Hola is a VPN provider that purports to offer its users freedom from censorship, a way to access geoblocked content, and anonymous browsing. The service claims that more than 47 million people are part of its peer-to-peer network. But according to a group of researchers (calling themselves Adios), it's dangerously insecure: the client software has flaws that allow for remote code execution and features of the client enabled tracking. On top of that, critically, Hola sells access to its peer-to-peer network with little oversight, enabling it to be used maliciously. The nature and scale of problems with Hola has researchers now saying users should bid adieu to the software.
Since the initial reports, Hola has made some changes. One method of remote code execution was removed—though the Adios team says that others remain—and the tracking flaw has also been fixed. But the deeper problems remain, and they're fundamental to the way that Hola is built.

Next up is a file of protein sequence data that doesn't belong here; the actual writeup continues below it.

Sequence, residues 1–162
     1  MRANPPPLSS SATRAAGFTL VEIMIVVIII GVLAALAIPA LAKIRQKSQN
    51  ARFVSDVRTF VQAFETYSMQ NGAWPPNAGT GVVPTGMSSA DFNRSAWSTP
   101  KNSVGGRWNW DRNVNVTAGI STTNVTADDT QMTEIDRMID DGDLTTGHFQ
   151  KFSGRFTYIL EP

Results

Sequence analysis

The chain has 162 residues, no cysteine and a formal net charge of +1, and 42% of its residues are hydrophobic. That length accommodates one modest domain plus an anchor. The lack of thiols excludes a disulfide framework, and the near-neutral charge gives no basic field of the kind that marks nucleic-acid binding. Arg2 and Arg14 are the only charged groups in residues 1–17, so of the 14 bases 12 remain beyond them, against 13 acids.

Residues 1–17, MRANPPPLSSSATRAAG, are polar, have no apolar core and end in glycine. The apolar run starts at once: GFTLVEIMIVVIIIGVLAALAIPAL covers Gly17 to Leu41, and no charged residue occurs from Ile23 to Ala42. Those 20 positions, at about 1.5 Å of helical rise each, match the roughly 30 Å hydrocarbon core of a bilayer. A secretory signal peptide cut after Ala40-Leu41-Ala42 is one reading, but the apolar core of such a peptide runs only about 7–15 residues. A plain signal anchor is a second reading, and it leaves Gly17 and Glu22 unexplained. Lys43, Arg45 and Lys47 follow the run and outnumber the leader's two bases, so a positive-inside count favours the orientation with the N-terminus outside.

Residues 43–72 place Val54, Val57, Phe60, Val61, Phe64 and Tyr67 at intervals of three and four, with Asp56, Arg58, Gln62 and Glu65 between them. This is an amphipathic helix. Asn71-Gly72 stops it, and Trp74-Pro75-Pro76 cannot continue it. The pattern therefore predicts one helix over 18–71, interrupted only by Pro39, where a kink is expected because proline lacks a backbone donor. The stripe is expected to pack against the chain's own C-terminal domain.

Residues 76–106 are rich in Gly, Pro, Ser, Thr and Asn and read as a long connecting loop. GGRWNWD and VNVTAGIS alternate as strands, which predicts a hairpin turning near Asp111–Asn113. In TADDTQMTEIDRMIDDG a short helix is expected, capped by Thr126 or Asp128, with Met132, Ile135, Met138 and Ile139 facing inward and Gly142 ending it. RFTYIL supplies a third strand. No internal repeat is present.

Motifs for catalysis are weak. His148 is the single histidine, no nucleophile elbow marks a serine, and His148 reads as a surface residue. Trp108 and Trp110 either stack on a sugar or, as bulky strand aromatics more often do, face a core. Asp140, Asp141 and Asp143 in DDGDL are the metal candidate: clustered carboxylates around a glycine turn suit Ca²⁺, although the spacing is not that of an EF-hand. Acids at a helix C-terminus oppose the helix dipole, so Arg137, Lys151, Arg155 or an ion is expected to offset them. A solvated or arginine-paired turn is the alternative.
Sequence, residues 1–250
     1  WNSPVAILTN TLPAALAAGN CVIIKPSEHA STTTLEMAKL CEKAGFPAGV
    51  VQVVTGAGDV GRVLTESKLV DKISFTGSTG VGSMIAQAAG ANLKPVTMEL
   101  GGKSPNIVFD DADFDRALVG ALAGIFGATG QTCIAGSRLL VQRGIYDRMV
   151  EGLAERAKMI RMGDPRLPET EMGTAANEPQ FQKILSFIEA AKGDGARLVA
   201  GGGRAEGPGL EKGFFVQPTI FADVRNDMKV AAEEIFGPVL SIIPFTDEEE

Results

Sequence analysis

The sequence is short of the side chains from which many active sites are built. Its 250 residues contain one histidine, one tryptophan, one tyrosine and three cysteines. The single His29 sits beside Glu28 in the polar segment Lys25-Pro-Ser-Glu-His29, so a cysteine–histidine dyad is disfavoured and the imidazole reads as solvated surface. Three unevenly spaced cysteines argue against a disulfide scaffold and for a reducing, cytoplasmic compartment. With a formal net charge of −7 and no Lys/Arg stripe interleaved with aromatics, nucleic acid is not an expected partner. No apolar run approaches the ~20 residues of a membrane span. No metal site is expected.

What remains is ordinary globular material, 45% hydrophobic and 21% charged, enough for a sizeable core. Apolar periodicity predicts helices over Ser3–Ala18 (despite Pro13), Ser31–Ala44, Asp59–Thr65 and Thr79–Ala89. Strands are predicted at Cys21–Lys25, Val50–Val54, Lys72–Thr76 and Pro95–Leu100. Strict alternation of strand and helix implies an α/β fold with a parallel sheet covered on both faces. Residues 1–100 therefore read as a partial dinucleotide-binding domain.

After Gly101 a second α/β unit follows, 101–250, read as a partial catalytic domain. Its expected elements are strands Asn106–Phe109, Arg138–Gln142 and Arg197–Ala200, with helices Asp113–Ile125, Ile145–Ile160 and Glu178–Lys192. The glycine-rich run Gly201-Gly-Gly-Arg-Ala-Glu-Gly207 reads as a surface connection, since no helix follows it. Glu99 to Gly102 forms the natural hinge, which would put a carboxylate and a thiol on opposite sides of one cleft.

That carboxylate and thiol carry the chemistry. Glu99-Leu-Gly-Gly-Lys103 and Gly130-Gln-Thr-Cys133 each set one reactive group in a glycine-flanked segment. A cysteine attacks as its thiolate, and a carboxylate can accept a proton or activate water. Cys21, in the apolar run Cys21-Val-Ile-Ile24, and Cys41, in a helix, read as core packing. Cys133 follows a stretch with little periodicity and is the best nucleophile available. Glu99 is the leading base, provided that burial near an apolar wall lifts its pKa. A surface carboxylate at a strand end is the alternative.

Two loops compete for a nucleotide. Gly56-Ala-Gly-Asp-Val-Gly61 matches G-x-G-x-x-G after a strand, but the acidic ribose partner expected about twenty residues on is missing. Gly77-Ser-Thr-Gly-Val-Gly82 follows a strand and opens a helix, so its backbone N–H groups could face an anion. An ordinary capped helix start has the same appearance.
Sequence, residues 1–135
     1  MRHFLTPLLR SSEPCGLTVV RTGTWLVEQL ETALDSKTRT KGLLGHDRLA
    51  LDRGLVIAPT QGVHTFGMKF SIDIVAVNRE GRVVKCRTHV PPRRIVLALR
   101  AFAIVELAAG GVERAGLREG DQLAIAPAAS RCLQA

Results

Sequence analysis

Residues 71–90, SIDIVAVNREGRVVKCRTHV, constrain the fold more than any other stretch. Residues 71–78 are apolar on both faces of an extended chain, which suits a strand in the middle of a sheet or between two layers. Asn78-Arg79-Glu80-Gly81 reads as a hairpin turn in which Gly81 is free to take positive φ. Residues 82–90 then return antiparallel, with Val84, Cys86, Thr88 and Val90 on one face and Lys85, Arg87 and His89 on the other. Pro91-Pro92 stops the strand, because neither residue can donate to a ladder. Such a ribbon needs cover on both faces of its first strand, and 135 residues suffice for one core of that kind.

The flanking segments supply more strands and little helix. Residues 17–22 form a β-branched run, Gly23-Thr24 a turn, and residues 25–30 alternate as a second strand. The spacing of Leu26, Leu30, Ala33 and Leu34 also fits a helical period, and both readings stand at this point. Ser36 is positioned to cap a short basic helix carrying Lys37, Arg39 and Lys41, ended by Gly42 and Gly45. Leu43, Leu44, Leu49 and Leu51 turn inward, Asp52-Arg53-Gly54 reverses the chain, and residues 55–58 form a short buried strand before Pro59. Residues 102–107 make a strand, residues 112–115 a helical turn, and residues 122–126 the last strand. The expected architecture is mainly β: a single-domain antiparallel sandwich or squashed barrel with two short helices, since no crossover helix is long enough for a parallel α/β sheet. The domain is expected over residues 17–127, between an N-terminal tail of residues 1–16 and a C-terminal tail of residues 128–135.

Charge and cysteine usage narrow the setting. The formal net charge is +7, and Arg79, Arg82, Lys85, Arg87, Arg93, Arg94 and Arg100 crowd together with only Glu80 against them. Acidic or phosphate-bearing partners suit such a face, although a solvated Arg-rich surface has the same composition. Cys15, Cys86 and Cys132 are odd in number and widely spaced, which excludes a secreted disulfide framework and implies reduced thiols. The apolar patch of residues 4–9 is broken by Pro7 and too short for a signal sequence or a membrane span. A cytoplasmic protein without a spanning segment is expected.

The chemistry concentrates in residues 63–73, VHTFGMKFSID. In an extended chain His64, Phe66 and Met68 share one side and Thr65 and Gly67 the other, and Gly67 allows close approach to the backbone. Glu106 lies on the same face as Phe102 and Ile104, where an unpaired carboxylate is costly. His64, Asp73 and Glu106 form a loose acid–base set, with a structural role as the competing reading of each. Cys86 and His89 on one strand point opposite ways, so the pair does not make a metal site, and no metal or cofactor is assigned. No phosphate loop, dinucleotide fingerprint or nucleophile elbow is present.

The company doesn't hide the fact that the Hola network is peer-to-peer. Users of the service form a large network, and Hola traffic is routed through this network, using the connections of other Hola users. This is great for Hola; it means that the company doesn't need to operate points of presence in different countries in order to make traffic appear to originate in these countries. But this is very risky for end users.